An unmarked mass grave lies hidden in the dunes at Matanzas Inlet. Today the location is part of Fort Matanzas National Monument, protecting a Spanish fort, sand dunes and endangered animals, but in the fall of 1565 the Catholic Spaniards and Huguenot French met at this inlet in a struggle for power and survival.
The Spaniards under Don Pedro Menendez de Aviles had recently landed at what is now St. Augustine with the express purpose of driving the French from Spanish Florida. This outpost would serve to protect the treasure fleets which road the Gulf Stream up the coast to the Outer Banks before turning east. A year before, the French had created a settlement near the mouth of the St. Johns River – about 30 miles north. In addition to being a threat to Spain’s power in the New World, these settlers were heretical Huguenots.
The French had sent several ships down the coast to attack the Spanish before they could get settled, but they were blown south by a storm. Menendez grabbed the advantage by marching his men north to the French Fort Caroline where he attacked and killed most of its defenders. Meanwhile, the French ships had been wrecked near Cape Canaveral and the survivors had begun their march north. Menendez met the first group at an inlet south of St. Augustine and convinced them to surrender.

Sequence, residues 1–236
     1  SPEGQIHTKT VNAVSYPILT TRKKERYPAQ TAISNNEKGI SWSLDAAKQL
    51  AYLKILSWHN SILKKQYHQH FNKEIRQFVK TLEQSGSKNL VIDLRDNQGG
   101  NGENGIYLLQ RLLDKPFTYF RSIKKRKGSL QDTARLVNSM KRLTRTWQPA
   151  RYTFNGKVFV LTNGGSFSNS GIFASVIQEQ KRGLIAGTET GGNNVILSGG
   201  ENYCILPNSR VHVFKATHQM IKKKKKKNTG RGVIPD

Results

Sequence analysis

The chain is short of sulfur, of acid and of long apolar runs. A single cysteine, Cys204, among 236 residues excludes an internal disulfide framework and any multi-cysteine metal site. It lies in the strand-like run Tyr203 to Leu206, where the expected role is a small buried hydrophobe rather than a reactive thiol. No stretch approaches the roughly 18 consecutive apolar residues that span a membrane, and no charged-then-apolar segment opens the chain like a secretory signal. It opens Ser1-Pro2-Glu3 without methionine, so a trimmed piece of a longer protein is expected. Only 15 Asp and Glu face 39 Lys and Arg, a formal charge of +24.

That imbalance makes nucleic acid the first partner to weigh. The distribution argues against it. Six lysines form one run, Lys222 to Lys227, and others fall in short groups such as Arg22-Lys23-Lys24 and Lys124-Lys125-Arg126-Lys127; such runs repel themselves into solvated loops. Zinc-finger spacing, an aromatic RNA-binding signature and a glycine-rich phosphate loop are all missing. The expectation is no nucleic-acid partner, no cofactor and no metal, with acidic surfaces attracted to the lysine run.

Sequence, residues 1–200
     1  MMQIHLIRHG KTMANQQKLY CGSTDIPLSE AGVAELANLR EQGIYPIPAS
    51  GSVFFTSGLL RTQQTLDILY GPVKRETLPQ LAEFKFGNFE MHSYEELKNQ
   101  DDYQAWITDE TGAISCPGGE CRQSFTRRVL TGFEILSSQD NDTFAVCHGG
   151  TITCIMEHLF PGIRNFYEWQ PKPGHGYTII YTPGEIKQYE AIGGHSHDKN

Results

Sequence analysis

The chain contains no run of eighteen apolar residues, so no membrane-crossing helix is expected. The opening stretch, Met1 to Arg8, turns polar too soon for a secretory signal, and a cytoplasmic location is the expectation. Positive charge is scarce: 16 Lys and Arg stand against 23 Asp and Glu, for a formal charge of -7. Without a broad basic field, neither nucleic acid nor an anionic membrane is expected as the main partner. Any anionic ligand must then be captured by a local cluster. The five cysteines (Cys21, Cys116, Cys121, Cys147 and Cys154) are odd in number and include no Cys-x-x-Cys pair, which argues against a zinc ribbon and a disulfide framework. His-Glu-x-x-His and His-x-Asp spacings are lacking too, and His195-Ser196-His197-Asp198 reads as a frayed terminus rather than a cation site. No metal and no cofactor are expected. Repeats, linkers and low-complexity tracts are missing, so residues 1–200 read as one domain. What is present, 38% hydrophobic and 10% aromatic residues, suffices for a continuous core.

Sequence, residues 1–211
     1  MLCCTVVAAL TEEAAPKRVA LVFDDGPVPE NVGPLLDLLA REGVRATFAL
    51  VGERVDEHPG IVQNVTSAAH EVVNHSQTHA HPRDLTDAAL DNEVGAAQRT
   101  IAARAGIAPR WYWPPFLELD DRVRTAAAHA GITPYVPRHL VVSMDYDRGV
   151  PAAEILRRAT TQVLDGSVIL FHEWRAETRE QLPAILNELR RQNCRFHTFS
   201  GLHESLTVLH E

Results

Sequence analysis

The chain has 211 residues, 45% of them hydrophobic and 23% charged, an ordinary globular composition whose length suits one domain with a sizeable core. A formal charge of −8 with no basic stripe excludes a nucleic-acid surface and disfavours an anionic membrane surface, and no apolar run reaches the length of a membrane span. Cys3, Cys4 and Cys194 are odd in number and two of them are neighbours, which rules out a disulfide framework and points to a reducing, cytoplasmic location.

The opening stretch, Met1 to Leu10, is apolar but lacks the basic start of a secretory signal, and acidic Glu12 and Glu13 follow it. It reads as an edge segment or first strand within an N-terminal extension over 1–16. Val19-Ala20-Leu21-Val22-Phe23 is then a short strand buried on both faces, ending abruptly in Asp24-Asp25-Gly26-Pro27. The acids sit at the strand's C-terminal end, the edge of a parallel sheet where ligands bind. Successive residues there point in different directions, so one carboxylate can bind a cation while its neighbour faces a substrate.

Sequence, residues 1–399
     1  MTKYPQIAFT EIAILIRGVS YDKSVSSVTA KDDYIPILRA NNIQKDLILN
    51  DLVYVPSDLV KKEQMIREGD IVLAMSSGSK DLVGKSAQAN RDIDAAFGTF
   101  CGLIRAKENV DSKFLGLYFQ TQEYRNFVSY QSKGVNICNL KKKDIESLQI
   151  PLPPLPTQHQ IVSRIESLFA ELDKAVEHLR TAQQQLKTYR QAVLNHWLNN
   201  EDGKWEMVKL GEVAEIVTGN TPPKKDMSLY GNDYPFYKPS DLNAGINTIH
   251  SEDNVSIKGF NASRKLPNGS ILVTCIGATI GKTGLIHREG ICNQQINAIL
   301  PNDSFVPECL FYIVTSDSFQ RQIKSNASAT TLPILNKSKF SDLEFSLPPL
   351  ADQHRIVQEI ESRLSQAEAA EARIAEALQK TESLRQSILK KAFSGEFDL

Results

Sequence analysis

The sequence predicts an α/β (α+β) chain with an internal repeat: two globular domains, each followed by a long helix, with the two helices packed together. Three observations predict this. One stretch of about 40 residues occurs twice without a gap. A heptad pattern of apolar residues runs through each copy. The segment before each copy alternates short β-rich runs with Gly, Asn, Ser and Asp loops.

As the Spaniards ferried small boatloads of their French captives across the inlet, they were herded behind the dunes and massacred. A few days later the remaining French arrived at the inlet. When met by the Spanish forces, about 170 of the French refused to surrender and turned south again. The remaining 150 surrendered and were killed by the Spanish. Only a few professed Catholics and “youths not under arms” were allowed to live.
The Spanish had little food to spare and even less use for heretics. This victory increased the colony’s chance for survival and established Spain’s claim to Florida and the territories north. From that time on, the river and inlet have been called Matanzas, Spanish for slaughter.
- Gannon, Michael. The New History of Florida. Gainesville: University Press of Florida, 1996.
- Waterbury, Jean Parker. The Oldest City: St. Augustine Saga of Survival. St. Augustine: St. Augustine Historical Society, 1983.
- Geiger, Matthew J. Mission of Nombre de Dios – Shrine of Our Lady of la Leche, St. Augustine, Florida: A Brief History. St. Augustine: Mission of Nombre de Dios, 2003.